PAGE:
it pays to urrderstand the finer points of controlling regens.
In this section, you will discover how to manage regens, thus reducing their impact on complex drawing. You can control how regens impact your work in three ways:

• By taking advantage of AutoCAD’s many-display-related tools
• By setting up AutoCAD so that regens do not occur automatically
• By freezing layers that do not need to be viewed or edited

This chapter will explore these methods in the upcoming sections

Exploring Other Ways to Control AutoCAD’s Display

Perhaps one of the easiest ways to avoid regens is by making sure you don’t cross into an area of your drawing that falls outside of the virtual display’s area. If you use Pan Realtime and Zoom Realtime, you are automatically kept safely within the bounds 6£ the display list. In this section, you’ll be introduced to other tools that will help keep you within those boundaries.

Controlling Display Smoothness

The virtual display can be turned on or off using the Viewres command. Viewres setting is on by default, and for the most part, should remain on. You can turn it off by typing Viewres.J No.J at the command prompt. However, I don;t recommend this. With Vicwres ofi, a  Pan or Zoom.

The Viewres command also controls the smoothness of line types, arcs, and circles when they appear in an enlarged view. With the display list active, line types sometimes appear as continuous, even when they are supposed to be dotted or dashed. You may have noticed in previous chapters that on-screen arcs appear to be se&- mented lines, although they are always plotted as smooth curves. You can adjust the Viewres value to control the number of segments an arc appears to have: the lower the value, the fewer the segments and the faster the redraw and regeneration. However, a low Viewres value causes noncontii .ous line types, such as dashes or center lines, to appear as continuous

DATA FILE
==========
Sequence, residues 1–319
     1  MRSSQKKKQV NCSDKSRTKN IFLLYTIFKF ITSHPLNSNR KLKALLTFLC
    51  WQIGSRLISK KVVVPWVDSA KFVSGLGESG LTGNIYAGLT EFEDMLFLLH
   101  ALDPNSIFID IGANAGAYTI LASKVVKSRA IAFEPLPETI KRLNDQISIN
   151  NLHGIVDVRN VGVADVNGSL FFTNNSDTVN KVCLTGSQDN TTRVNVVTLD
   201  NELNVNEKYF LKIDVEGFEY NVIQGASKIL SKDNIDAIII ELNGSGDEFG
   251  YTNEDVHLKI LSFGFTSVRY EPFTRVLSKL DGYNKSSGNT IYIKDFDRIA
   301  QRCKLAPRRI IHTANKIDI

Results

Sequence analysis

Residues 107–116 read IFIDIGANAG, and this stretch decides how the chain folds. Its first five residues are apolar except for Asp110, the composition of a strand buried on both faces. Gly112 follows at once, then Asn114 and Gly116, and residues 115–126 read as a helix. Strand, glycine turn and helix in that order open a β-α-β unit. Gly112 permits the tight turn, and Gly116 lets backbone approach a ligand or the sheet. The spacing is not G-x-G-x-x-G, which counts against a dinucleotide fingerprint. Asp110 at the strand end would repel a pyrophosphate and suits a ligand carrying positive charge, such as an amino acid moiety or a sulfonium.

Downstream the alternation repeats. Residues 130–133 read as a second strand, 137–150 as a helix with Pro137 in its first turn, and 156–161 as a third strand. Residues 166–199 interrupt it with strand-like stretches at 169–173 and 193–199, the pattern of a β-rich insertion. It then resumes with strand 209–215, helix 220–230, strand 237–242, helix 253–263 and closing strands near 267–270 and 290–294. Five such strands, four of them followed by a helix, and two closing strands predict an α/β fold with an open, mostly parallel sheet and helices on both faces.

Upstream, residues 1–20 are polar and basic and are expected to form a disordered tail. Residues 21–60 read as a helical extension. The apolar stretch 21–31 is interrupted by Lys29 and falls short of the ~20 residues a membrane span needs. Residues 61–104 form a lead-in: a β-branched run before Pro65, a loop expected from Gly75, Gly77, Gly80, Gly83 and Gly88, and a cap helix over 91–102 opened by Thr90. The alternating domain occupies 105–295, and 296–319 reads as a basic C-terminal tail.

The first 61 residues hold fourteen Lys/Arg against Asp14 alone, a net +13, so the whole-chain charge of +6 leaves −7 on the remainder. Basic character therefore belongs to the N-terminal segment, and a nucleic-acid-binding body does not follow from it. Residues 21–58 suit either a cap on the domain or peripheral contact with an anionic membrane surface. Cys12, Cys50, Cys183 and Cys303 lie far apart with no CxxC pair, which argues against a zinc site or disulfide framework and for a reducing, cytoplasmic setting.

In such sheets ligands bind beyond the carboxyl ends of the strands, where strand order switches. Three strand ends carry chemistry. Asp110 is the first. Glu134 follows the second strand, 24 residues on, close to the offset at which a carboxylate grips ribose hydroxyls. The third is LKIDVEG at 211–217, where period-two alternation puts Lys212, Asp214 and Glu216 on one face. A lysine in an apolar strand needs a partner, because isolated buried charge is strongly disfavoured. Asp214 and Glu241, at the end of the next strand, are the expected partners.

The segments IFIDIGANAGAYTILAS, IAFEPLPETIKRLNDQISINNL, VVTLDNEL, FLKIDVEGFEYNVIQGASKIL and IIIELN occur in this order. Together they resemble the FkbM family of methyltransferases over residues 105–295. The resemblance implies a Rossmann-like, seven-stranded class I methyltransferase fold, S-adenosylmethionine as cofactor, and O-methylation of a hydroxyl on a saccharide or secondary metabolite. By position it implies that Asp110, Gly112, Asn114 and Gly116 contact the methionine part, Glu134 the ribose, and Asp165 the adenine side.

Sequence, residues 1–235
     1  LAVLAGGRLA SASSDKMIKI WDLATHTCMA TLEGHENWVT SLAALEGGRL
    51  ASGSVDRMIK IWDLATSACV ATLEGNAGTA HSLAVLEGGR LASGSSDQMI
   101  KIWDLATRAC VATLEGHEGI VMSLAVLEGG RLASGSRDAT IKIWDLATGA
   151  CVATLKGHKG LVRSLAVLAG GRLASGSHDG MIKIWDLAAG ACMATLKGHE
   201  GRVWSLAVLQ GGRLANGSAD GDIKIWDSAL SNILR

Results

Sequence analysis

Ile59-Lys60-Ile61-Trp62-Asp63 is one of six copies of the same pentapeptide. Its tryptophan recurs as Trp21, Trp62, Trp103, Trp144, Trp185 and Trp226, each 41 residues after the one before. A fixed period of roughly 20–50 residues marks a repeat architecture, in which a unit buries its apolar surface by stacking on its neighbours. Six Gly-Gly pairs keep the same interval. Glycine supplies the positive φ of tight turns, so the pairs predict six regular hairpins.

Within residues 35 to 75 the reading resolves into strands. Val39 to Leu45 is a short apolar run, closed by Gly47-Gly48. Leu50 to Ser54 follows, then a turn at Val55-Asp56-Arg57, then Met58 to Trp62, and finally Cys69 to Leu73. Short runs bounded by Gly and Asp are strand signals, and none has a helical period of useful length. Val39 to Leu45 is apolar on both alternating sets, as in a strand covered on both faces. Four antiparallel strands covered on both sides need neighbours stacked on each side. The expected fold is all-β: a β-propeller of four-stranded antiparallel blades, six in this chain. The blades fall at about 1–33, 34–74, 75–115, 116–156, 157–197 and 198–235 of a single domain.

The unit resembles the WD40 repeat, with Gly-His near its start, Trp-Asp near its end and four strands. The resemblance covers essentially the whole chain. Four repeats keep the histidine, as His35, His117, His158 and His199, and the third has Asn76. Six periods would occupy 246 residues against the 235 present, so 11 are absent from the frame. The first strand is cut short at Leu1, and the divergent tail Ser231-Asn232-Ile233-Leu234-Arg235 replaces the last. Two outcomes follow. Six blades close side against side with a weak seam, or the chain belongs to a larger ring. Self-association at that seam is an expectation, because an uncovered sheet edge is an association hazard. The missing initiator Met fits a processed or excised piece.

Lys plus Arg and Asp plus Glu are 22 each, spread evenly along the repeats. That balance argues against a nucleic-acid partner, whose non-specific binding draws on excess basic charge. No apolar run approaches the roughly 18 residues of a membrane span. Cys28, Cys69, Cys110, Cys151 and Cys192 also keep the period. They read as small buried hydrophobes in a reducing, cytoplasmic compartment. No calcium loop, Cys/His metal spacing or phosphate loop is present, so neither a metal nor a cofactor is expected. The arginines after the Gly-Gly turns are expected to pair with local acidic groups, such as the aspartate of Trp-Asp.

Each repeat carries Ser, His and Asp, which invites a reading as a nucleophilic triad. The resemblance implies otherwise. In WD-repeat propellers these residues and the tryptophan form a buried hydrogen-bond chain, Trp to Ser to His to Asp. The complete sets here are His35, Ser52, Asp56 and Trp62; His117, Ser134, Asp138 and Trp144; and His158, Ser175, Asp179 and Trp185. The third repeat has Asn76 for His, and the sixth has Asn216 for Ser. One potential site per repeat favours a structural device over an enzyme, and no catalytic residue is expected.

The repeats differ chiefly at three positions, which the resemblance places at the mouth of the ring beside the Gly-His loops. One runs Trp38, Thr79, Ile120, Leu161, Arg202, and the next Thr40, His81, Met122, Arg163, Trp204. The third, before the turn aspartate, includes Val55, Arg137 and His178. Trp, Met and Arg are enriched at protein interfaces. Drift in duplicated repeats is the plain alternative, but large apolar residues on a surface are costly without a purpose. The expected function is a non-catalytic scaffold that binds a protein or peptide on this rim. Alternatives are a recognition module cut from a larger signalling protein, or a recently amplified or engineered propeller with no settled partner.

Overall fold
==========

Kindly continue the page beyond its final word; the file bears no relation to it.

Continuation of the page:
Another way to accelerate screen redraw is to keep your drawing limits to a minimum area. If the limits are set unnecessarily high, AutoCAD may slow down noticeably. Also, make sure the drawing origin falls within the drawing limits.

Using the Aerial ‘View

Let’s take a tour of a tool that lets you navigate drawings that represent very large areas. It’s called the Aerial view.

1. Click View >- Aerial View on the menu bar. The Aerial View window appears, as shown in Figure 6.4.
2. Click the Aerial View window. As you move your mouse, notice what happens in the AutoCAD window. Your view pans, following your motion in the Aerial View window. Abold rectangle in the Aerial View window representing your AutoCAD view moves with your cursor.
3. Click the Aerial View window again. Now as you move your cursor from left to right, the view in the AutoCAD window zooms in ana out. This is the Zoom mode of the Aerial view. The rectangle in the Aerial View window now shrinks and expands as you move the cursor from left to right indicating the size of the area being displayed in the AutoCAD window.